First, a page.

Ten Things Great-Granny Never Did to a Turkey
Life, therefore cooking, therefore Thanksgiving, was simpler when "over the river and through the woods to grandmother's house we go."
Today's grannies are more likely to be in the courtroom, operating room or board room than in a steamy kitchen.
Traditions have changed. The boys get involved. Potluck or co-op Thanksgiving dinners ease the cook's burden. Lavish restaurant feasts remove it entirely.
But, for the host still whistling "There's no place like home for the holidays," consider a few options for taming the turkey not available to great-grandma.
1. Brine It
Brining overnight renders the cheapest supermarket special moist and flavorful.
You'll need a large plastic tote box with lid or a rigid cooler. Wash the inside with soap and hot water, rinse and dry.
Dissolve a half cup of salt and a quarter cup of sugar in a few cups of boiling water. Wash thawed or fresh turkey well inside and out.
Half fill the clean container with cold water. Mix in the salt-sugar mixture and a bottle of white wine. Lower turkey into liquid, cover with lid. After a few hours, turn the bird.
If the weather is cool enough, put container in trunk of car or on the screened porch overnight. Otherwise, decrease water by half and pour in a bag of ice.
Brine for eight to 12 hours. An hour before roasting, rinse turkey and pat dry.
2. Inject It
Turkeys may be pre-basted with objectionable stuff. Instead, choose a plain bird, invest in an injector needle (at kitchenware stores) and shoot up the bird with chicken broth mixed with melted butter or margarine -- or any combinations. Inject multiple sites including the meaty part of the leg and thigh, and alongside the breastbone.
3. Fry It
This is an expensive (fryer, oil, propane) messy preparation that has, nevertheless, caught on because the turkey tastes wonderful. And it only takes a few minutes per pound. But the turkey cannot be stuffed, and the frying must be done outside.
4. Blanket It
This method practically guarantees a moist, easy-to-slice turkey. Plus, the oven is free for side dishes that crucial final hour.
Roast turkey as usual, calculating done time one hour before dinner. Remove turkey from oven; siphon off pan juices for gravy. Immediately cover roasting pan with heavy duty foil. Crimp and seal the edges so no steam escapes.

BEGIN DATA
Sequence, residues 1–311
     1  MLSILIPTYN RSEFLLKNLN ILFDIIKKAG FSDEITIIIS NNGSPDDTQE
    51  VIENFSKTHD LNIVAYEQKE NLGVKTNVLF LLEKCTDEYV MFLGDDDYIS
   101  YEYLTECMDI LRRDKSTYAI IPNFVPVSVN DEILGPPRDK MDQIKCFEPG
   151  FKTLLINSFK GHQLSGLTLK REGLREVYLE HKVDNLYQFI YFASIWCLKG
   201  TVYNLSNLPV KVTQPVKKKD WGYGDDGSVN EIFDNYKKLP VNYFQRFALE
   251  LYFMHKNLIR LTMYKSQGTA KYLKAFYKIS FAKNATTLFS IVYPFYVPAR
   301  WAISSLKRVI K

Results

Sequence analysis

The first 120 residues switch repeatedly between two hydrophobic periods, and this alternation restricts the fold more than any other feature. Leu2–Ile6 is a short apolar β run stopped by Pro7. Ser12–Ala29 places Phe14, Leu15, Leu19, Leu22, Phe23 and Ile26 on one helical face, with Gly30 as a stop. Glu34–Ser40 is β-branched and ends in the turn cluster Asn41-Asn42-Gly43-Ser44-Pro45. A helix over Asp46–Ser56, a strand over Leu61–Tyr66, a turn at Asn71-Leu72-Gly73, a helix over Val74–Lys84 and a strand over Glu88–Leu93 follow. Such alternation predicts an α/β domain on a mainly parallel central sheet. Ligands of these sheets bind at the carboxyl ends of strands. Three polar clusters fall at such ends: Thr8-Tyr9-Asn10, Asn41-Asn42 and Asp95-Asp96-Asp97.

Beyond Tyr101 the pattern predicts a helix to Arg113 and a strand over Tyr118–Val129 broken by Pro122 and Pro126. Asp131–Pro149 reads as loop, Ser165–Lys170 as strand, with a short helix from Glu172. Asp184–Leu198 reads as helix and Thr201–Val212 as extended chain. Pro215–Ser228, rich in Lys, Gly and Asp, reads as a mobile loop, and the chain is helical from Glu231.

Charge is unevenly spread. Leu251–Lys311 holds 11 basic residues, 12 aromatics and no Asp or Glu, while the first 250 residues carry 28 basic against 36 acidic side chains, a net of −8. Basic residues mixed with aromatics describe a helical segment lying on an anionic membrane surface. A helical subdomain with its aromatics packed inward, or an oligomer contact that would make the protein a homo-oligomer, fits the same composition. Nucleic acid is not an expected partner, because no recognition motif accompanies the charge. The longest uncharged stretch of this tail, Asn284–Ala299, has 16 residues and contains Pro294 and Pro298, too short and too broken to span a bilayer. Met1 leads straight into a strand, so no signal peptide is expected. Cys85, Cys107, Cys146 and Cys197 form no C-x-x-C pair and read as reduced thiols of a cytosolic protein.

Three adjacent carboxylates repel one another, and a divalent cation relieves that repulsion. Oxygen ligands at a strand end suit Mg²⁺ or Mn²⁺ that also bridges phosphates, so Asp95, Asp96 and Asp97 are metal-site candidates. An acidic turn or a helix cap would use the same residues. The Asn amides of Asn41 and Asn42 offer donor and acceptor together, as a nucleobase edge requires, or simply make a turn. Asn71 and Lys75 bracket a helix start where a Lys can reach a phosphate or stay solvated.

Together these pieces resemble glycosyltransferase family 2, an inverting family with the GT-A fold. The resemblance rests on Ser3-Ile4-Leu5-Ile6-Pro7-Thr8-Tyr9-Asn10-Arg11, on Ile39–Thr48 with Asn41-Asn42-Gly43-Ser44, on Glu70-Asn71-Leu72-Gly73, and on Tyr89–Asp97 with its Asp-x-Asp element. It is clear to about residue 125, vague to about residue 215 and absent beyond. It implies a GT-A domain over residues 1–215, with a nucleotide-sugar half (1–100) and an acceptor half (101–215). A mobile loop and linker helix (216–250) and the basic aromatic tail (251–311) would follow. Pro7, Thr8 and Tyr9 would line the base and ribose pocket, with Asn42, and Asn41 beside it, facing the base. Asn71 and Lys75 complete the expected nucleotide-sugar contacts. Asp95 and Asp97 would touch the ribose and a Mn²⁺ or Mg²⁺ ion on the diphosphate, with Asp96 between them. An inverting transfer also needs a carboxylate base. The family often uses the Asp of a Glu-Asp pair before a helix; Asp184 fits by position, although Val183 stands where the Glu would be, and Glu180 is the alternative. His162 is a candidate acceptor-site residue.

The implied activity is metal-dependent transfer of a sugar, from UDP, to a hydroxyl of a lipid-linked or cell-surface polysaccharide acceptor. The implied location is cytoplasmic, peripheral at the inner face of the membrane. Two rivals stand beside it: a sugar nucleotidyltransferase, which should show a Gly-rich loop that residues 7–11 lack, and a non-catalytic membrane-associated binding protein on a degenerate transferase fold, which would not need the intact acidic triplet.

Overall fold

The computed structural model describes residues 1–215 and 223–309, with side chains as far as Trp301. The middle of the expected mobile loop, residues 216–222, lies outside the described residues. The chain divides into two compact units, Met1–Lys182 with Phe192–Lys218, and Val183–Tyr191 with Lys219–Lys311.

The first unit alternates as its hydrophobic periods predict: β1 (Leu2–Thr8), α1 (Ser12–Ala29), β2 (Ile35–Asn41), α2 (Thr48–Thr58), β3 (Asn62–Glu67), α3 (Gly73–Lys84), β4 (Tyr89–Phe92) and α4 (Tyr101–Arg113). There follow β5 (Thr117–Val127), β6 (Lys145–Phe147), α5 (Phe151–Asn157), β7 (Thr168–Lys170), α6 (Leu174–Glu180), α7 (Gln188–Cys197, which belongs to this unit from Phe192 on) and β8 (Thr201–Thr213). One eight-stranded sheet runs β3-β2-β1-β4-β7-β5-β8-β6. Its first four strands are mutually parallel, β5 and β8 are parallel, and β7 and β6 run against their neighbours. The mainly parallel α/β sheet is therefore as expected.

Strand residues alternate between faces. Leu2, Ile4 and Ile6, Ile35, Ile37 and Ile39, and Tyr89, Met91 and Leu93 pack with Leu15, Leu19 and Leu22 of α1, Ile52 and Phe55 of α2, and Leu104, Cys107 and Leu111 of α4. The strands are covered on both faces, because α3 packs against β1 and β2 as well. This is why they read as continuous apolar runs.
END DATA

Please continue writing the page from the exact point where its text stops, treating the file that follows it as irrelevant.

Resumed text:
Cover the pan with a clean blanket or quilt folded double. Tuck the edges under roasting pan. Let stand on counter for an hour. Just before serving, remove blanket and foil. Turkey will be steaming hot and breast meat will slice without shredding.
5. Sauce It
Forget those cylinders of cranberry jelly. Research a fruit chutney or sweet salsa. If cranberries are sacred, cook four to five pounds peeled, sliced apples with a bag of fresh cranberries and a one-inch piece of peeled, chopped gingerroot.
When very soft, sweeten to taste, mash or put through a food mill and finely grate the zest (colored part of skin only) of an orange into the sauce.
Chill overnight. Fabulous color tangy flavor.
6. Add to It
Granny couldn't buy parts. You can. Roast an extra breast beside that Butterball. You'll need it for sandwiches, anyway.
7. Replace It
So -- your son's girl friend is a vegetarian. Don't make a fuss. Approach substitutes like Tofurkey with caution. Instead, devise an interesting, filling side dish that doubles as her entre.
An acorn or butternut squash stuffed with wild and brown rice, sauted mushrooms and onions, then baked, is perfect.
Or a grain casserole: Moisten cooked barley, orzo, brown rice, sauted grated carrot, chopped onions and mushrooms with vegetable broth. Add a tablespoon of melted margarine, a dash of soy sauce, sage, other herbs or seasonings. Bake for an hour early in the day. At dinnertime reheat casserole in microwave.
7. Keep It Safe
If the fridge is full, thaw frozen wrapped turkey on a bed of ice in a rigid cooler with cover. Depending on size, turkey will thaw in about 24 hours.
Open packaging, rinse bird thoroughly inside and outside. To prevent growth of bacteria in undercooked stuffing, remove stuffing from cavity, heat in microwave until steaming.
Have large rectangular containers ready after dinner. Break down the turkey immediately. Arrange meat in a single layer, cover, refrigerate. Store stuffing and gravy in separate containers.
8. Use It Up
Hash and tetrazzini are so been there, done that. Try a turkey and butternut squash curry or a turkey salad with tiny cantaloupe cubes and inner celery ribs bound with Dijon mayo and topped with toasted pistachios. Or, strip the carcass, chop meat fine in the processor for turkey-bean chili or turkey lasagna.
9. Cook It Ahead
When presentation isn't an issue (a buffet or potluck), roast the bird early in the day or the day before. Let it cool, disjoint (poultry shears help) and slice neatly, arrange in ovenproof serving dishes and cover immediately with heavy duty foil.
Remove stuffing from cavity to a microwave-safe bowl. Make gravy. Refrigerate it all. An hour before dinner, pour a little gravy over sliced turkey, reseal the foil and heat gently, in a 325 degree oven. Heat stuffing in microwave, stirring once or twice.
Say a prayer of Thanksgiving before dinner for the fellowship of friends and family and a prayer afterward for the cook(s).
Contact Deborah Salomon at firstname.lastname@example.org.
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